Fight Like A Butterfly, Sting Like A Bee?

According to the article Can This Marriage Be Saved? sixty-nine percent of marital conflicts are never resolved. Sixty-nine percent! This is an alarmingly high number, and it sheds some light on why forty to fifty percent of marriages end in divorce. But the question still remains: why are all of these marital conflicts not being resolved?

Dr. John Gottman, a psychologist quoted in Can This Marriage Be Saved?, attributed unresolved conflicts to communication, or lack thereof. Dr. Gottman states that couples who resolve arguments tend to communicate nicely. They deliver their complaints with less of a blow (think flyweight boxing verses heavyweight). Meanwhile, couples who don’t communicate never resolve their discrepancies, thus leading to the eventual demise of the relationship.

While Dr. Gottman clearly pinpoints the main ingredient (communication) for relationship longevity, I felt it needed to be expanded. Why, exactly, are these couples not communicating? How are they fighting so that nothing is being resolved?

I took to the streets, pen in hand (and depending on the neighborhood, mace can in my other hand) and began surveying married couples. The question posed: when you and your spouse fight, how does he (or she) act?

A surprising discovery was not simply the lack of communication. Most did indeed communicate. However, they all had unique fighting styles. The categories are listed below.

The Convincers – also known as Verbal Gymnasts, the Convincers have the innate ability to convince you that you’re the one who is wrong. They stop at nothing to convince you, so arguments generally last for hours. Whether it is pure exhaustion – or they are finally persuaded – spouses of Convincers usually throw in the towel and eventually declare they were wrong.

The Clammer Uppers – these spouses stop talking because they are so overwhelmed with emotions they simply shut down. (Or they fear saying something they will really regret.) Some people call this  “the silent treatment.” Did she hear you apologize? Your guess is as good as mine, because if she did hear you, you would never know. Convincers love Clammer Uppers because they can continue to convince with no interruptions.

Taker Offers – similar to the Clammer Uppers but with more energy. The Taker Offers will physically leave the premises of the fight. This may mean storming out of the house or restaurant. If enclosed in a car, Taker Offers have been known to shove the offending person out of the car and drive off, leaving the spouse stranded.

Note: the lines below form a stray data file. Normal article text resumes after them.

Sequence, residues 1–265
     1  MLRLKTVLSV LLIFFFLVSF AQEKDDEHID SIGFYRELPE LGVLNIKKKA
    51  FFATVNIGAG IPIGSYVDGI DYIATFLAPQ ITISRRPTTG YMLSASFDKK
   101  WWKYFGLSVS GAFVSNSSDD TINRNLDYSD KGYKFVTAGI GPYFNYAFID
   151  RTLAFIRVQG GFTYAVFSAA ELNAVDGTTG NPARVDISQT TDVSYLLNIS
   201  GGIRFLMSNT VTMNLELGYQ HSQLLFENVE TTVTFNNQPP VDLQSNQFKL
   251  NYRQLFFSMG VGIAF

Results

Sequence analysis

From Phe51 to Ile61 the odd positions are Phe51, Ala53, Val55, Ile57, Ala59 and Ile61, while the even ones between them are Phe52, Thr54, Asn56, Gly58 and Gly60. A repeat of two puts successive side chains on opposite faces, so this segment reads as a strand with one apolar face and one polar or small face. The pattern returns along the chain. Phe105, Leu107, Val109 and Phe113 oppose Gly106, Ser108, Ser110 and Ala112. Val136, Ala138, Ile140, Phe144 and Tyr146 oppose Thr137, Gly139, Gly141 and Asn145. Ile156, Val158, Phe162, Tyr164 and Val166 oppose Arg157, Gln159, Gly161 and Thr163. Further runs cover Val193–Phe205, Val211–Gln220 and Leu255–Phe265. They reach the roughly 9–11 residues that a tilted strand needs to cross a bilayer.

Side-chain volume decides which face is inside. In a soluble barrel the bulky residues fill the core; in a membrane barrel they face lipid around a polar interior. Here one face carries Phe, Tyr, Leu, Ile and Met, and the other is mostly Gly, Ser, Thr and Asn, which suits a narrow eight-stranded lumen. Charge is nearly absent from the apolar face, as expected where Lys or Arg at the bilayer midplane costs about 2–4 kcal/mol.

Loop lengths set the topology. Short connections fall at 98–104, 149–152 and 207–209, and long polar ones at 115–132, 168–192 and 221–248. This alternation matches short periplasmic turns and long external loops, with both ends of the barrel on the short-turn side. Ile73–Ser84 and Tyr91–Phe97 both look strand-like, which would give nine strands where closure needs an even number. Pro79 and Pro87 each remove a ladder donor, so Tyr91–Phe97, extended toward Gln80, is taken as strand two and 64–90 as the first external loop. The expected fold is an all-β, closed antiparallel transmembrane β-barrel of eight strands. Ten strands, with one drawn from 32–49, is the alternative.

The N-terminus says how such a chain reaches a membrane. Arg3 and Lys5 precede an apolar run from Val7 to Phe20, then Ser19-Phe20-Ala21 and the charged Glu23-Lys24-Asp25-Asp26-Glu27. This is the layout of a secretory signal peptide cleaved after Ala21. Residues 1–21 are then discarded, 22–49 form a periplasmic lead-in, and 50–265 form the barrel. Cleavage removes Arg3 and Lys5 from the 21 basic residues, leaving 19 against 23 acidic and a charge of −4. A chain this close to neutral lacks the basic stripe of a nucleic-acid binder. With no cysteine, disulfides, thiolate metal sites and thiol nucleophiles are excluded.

Reactors – you’re mad because she’s mad.

“Now I’m in a bad mood too. Here I was, just watching the game and enjoying my beer, but now it’s ruined because you’re mad at me again.”

The mood of Reactors seems to be contingent upon the mood of the spouse.

Directors – tell their spouse what she or he needs to do to end the fight. Apology insincere? Who cares! Fight is over! Let’s go out for dinner already! Convincers and Directors could NEVER be married to one another. The Convincer would be too busy trying to convince the Director, while the Director would be too busy telling the Convincer what he needs to do in order to conclude the argument.

Moper – a personification of Eeyore, the Moper will throw the biggest pity party of the century. The Moper has a fighting style similar to that of the Convincer, but much more pathetic.

 “I know I forgot your birthday again. I’m so dumb. I’m the worst husband ever. You should never have married me. Other husbands would have remembered your birthday. You can go marry them. I deserve it.”

Mopers and Directors make great couples. A Director would simply tell the Moper what needs to be done to soothe things over.

“You’re right! I should go out and marry someone else. Now, let’s go shoe shopping because you’re buying me five pairs of shoes and you’re going to love every second of it. Got it?”

Conversely, Mopers and Reactors would never make it. Once the Moper turned all mopey, so would the Reactor.